Hermetic Qabalah magical views[edit]

In some non-Jewish Hermetic Qabalah, contact is sought with the Qliphoth unlike in the ethical-mystical Jewish prohibition, as part of its process of human self-knowledge. In contrast, the theurgic Jewish practical Kabbalah was understood by its practitioners as similar to white magic, accessing only holiness, while the danger inherent in such ventures involving the intermingling of holiness and impure magic ensured that accessing the Qlipoth remained a minor and restricted practice in Jewish history.

Mathers' interpretation[edit]

Christian Knorr von Rosenroth's Latin Kabbala denudata (1684) (translated The Kabbalah Unveiled by MacGregor Mathers) equates these forces with the Kings of Edom and also offers the suggestion they are the result of an imbalance towards Gedulah, the Pillar of Mercy or the merciful aspect of God, and have since been destroyed.[10]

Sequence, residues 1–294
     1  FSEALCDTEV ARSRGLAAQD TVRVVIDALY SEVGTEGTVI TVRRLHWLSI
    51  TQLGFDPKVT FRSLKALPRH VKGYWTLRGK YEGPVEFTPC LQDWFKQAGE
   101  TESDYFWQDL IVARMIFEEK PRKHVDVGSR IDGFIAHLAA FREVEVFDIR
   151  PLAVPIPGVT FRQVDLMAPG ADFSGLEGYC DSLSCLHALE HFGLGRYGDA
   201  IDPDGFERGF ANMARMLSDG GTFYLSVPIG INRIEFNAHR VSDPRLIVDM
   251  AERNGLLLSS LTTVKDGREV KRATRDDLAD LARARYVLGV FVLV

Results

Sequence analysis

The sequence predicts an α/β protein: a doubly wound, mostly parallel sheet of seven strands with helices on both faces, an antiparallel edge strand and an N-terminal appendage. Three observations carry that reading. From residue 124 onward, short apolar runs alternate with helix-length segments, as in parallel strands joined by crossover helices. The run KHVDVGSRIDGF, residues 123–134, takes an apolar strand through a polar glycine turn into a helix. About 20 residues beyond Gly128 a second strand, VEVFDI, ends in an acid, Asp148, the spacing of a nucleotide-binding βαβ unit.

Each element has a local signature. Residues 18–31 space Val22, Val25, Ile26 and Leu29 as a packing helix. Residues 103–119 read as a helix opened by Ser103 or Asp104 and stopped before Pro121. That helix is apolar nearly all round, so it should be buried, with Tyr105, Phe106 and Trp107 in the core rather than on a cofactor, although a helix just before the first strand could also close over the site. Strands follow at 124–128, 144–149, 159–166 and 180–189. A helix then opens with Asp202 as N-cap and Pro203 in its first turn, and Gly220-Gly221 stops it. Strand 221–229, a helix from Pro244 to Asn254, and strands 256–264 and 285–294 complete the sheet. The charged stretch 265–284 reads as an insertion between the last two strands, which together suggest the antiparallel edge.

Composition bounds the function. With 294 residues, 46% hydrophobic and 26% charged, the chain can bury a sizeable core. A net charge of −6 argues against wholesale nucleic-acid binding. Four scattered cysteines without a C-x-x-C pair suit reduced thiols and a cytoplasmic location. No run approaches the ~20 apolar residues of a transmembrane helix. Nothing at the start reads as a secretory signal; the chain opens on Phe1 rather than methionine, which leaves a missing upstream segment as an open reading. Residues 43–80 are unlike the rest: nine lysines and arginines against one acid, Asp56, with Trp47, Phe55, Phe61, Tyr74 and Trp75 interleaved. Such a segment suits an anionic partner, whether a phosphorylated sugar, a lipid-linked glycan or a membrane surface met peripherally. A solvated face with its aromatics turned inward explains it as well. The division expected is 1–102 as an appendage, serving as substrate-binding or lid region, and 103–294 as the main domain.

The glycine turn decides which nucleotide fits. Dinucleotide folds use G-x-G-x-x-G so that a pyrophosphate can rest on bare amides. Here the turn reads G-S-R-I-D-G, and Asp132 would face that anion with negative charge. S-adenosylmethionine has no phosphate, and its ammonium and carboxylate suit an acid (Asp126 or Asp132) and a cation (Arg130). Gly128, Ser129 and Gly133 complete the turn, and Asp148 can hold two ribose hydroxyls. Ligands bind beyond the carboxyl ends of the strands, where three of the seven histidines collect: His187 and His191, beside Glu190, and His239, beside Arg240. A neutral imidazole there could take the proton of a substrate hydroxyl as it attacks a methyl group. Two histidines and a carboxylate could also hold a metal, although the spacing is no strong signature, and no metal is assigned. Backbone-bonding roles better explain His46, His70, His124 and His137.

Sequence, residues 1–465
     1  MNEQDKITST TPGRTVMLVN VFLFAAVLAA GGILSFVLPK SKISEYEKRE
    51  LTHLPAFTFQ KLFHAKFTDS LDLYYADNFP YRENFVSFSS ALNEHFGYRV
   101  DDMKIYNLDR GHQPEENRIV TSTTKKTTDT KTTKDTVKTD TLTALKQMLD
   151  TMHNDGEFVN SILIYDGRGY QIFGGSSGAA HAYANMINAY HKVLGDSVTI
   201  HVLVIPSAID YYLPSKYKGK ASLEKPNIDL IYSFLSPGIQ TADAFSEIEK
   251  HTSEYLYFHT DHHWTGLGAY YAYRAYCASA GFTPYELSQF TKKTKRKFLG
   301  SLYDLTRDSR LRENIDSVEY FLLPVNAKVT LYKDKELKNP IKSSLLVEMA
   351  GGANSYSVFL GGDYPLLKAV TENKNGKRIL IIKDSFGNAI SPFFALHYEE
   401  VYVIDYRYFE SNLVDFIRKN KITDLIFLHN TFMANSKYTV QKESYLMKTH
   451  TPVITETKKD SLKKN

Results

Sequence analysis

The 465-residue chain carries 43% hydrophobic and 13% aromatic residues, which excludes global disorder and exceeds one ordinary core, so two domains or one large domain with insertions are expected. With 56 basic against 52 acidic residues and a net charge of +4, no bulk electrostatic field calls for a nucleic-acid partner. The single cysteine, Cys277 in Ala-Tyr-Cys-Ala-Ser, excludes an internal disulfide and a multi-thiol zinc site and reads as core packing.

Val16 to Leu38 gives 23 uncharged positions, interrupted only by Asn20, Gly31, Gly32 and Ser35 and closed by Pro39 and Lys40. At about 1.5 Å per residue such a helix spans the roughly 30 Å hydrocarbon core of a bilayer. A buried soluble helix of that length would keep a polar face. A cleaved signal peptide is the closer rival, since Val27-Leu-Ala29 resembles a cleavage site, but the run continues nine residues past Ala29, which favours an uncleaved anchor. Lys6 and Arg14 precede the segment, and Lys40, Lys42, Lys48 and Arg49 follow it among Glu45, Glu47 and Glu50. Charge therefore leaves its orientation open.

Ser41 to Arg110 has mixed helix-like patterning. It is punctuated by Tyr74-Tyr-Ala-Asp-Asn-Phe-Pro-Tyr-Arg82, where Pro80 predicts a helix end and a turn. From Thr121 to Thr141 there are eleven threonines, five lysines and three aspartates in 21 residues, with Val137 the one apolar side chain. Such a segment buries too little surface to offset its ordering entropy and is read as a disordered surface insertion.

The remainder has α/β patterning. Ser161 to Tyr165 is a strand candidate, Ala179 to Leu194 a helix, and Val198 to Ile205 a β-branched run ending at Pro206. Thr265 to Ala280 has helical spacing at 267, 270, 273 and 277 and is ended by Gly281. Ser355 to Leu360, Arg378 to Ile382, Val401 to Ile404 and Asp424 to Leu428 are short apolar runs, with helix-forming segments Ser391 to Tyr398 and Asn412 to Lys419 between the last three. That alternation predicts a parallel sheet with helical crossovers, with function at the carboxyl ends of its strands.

In subsequent Hermetic teachings, the Qliphoth have tended, much like the sephirot, to be interpreted as mystical worlds or entities, and merged with ideas derived from demonology.

In most descriptions, there are seven divisions of Hell (Sheol or Tehom; Abaddon or Tzoah Rotachat; Be'er Shachat (בְּאֵר שַׁחַת, Be'er Shachath — "pit of corruption") or Mashchit; Bor Shaon (בּוֹר שָׁאוֹן — "cistern of sound") or Tit ha-Yaven (טִיט הַיָוֵן — "clinging mud"); Dumah or Sha'are Mavet (שַׁעֲרֵי מָוֶת, Sha'arei Maveth — "gates of death"); Neshiyyah (נְשִׁיָּה — "oblivion", "Limbo") or Tzalmavet; and Eretz Tachtit (אֶרֶץ תַּחְתִּית, Erets Tachtith — "lowest earth") or Gehenna),[11][12][13][14] twelve Qliphotic orders of demons, three powers before Satan and twenty-two demons which correspond to the 22 letters of the Hebrew alphabet.[citation needed]